Re: Scaling SELECT:s with the number of disks on a stripe

From: Peter Schuller
Subject: Re: Scaling SELECT:s with the number of disks on a stripe
Date: ,
Msg-id: 20070402105355.GB57038@hyperion.scode.org
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In response to: Re: Scaling SELECT:s with the number of disks on a stripe  (Andrew - Supernews)
List: pgsql-performance

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Scaling SELECT:s with the number of disks on a stripe  (Peter Schuller, )
 Re: Scaling SELECT:s with the number of disks on a stripe  ("Marc Mamin", )
  Re: Scaling SELECT:s with the number of disks on a stripe  (Peter Schuller, )
 Re: Scaling SELECT:s with the number of disks on a stripe  (Andrew - Supernews, )
  Re: Scaling SELECT:s with the number of disks on a stripe  (Peter Schuller, )
 Re: Scaling SELECT:s with the number of disks on a stripe  (Andrew - Supernews, )
  Re: Scaling SELECT:s with the number of disks on a stripe  (Peter Schuller, )
   Re: Scaling SELECT:s with the number of disks on a stripe  (Dave Cramer, )
 Re: Scaling SELECT:s with the number of disks on a stripe  (Andrew - Supernews, )
  Re: Scaling SELECT:s with the number of disks on a stripe  (Peter Schuller, )

Hello,

> > SELECT * FROM test WHERE value = 'xxx' LIMIT 1000;
>
> I tested this on a 14-way software raid10 on freebsd, using pg 8.1.6, and
> couldn't reproduce anything like it. With one client I get about 200 disk
> requests per second, scaling almost exactly linearly for the first 5 or so
> clients, as expected. At 14 clients it was down to about 150 reqs/sec per
> client, but the total throughput continued to increase with additional
> concurrency up to about 60 clients, giving about 3600 reqs/sec (260 per
> disk, which is about right for 10krpm scsi disks under highly concurrent
> random loads).

Ok. That is very intersting; so there is definitely nothing
fundamental in PG that prevents the scaling (even if on FreeBSD).

> A good question. Have you tried testing the disks directly? e.g. create
> some huge files, and run a few concurrent random readers on them? That
> would test the array and the filesystem without involving postgres.

I have confirmed that I am seeing expected performance for random
short and highly concurrent reads in one large (> 200 GB) file. The
I/O is done using libaio however, so depending on implementation I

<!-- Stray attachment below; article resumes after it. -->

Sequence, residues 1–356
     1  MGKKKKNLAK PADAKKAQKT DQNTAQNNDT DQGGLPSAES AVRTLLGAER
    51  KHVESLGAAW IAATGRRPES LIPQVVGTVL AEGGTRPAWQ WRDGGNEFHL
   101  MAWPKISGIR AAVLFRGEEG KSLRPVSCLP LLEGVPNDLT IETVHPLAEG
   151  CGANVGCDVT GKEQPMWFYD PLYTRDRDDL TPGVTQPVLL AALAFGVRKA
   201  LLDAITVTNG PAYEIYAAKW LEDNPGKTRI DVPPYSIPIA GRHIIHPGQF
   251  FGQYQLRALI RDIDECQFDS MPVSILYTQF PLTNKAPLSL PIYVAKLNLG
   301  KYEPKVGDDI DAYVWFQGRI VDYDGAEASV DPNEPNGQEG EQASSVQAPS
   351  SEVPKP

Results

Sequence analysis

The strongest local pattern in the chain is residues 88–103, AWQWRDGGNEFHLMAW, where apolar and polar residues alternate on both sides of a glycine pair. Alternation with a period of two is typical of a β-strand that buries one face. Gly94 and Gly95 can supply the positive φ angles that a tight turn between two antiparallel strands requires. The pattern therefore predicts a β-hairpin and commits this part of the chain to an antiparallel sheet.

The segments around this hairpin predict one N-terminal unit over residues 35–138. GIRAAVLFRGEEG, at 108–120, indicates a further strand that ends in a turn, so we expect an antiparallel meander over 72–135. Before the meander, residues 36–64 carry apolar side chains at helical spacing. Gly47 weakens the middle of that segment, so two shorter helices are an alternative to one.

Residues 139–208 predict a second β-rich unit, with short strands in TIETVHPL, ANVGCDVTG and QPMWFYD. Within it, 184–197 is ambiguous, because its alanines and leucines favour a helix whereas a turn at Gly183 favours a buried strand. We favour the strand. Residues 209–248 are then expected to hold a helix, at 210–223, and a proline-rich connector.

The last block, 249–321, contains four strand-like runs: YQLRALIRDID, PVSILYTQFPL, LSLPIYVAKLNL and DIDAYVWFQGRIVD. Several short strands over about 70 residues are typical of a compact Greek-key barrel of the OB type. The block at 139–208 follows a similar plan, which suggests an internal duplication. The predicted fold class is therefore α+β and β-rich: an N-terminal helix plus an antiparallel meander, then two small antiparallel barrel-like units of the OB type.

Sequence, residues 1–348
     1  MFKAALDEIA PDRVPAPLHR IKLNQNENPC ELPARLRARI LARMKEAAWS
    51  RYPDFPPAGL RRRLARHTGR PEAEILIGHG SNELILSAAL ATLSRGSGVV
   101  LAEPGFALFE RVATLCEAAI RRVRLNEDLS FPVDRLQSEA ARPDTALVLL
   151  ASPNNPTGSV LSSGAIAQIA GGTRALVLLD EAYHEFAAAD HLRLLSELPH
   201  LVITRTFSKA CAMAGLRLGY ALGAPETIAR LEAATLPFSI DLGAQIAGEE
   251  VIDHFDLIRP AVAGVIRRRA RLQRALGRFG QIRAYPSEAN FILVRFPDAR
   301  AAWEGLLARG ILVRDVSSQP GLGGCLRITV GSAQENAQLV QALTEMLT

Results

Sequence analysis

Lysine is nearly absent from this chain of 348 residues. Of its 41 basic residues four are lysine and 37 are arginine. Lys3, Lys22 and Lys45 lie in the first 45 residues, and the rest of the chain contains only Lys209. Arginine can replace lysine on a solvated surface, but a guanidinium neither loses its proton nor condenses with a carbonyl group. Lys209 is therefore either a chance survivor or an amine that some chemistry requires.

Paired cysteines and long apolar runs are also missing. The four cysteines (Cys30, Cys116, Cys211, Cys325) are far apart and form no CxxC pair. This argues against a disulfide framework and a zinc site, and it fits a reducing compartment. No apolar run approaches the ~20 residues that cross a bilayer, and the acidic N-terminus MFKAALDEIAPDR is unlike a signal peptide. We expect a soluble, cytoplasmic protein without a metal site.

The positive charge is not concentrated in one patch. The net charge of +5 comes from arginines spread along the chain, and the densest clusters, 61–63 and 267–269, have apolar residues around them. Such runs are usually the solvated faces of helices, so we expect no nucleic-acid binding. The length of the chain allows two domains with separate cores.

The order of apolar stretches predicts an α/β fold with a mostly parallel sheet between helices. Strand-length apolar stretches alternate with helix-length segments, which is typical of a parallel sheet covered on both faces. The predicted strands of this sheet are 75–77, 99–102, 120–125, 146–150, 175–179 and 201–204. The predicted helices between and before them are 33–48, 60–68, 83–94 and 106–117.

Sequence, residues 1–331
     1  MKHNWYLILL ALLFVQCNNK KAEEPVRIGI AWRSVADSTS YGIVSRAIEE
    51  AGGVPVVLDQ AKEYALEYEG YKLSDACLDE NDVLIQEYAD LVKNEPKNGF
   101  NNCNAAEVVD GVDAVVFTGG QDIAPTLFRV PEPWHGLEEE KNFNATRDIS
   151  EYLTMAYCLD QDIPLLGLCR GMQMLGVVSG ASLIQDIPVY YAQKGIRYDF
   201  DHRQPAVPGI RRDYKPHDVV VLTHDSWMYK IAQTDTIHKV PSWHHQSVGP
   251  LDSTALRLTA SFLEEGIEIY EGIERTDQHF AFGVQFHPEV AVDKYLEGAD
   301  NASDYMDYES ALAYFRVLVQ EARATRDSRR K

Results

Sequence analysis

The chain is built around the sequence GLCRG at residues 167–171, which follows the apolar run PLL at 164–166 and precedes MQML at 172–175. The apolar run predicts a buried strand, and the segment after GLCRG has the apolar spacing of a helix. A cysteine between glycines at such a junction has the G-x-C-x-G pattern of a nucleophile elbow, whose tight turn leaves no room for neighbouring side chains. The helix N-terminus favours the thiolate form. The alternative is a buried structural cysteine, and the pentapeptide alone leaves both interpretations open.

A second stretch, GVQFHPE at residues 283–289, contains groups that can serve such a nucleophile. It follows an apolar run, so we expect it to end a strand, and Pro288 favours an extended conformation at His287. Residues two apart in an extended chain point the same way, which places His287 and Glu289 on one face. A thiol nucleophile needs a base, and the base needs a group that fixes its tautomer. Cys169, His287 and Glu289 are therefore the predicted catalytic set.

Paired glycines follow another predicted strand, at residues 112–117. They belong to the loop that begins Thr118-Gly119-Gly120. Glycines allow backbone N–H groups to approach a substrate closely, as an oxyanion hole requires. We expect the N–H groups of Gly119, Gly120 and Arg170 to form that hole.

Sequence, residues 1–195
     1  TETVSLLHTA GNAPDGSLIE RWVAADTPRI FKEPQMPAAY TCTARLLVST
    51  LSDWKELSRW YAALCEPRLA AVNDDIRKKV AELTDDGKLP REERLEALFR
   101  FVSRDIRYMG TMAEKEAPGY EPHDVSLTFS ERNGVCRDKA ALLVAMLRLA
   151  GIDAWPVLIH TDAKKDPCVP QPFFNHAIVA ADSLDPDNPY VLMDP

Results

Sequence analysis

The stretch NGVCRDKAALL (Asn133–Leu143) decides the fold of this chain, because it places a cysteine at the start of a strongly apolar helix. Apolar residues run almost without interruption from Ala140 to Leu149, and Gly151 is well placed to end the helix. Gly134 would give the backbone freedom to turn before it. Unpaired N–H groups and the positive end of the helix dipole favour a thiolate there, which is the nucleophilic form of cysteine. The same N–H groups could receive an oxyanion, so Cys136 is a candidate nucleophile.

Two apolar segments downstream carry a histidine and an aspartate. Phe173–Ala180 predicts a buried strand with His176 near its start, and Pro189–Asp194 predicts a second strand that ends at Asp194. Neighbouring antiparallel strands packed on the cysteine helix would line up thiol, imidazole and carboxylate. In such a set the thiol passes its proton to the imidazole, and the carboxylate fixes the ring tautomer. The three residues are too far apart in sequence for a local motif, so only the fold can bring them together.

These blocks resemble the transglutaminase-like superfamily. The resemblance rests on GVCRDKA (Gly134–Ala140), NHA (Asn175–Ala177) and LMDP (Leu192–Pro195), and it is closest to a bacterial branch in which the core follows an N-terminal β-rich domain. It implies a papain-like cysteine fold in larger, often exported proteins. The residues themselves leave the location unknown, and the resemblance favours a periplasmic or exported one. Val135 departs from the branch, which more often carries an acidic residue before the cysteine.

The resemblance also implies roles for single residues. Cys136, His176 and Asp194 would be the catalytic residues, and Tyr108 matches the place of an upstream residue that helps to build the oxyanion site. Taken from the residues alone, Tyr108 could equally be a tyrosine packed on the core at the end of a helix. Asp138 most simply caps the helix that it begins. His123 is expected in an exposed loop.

suppose the I/O scheduling behavior of the fs/raid driver might be
affected compared to having a number of concurrent threads doing
synchronous reads. I will try to confirm performance in a way that
will more closely match PostgreSQL's behavior.

I have to say though that I will be pretty surprised if the
performance is not matched in that test.

Is there any chance there is some operation system conditional code in
pg itself that might affect this behavior? Some kind of purposeful
serialization of I/O for example (even if that sounds like an
extremely strange thing to do)?

> This is entirely expected. With the larger row count, it is more likely
> (or so the planner estimates) that rows will need to be fetched from
> adjacent or at least nearby blocks, thus a plan which fetches rows in
> physical table order rather than index order would be expected to be
> superior. The planner takes into account the estimated startup cost and
> per-row cost when planning LIMIT queries; therefore it is no surprise
> that for larger limits, it switches to a plan with a higher startup cost
> but lower per-row cost.

Roger that, makes sense. I had misunderstood the meaning of the heap
scan.

> Most likely your index is small enough that large parts of it will be
> cached in RAM, so that the scan of the index to build the bitmap does
> not need to hit the disk much if at all.

Even so however, several seconds of CPU activity to scan the index for
a few tens of thousands of entries sounds a bit excessive. Or does it
not? Because at that level, the CPU bound period alone is approaching
the time it would take to seek for each entry instead. But then I
presume the amount of work is similar/the same for the other case,
except it's being done at the beginning of the query instead of before
each seek.

--
/ Peter Schuller

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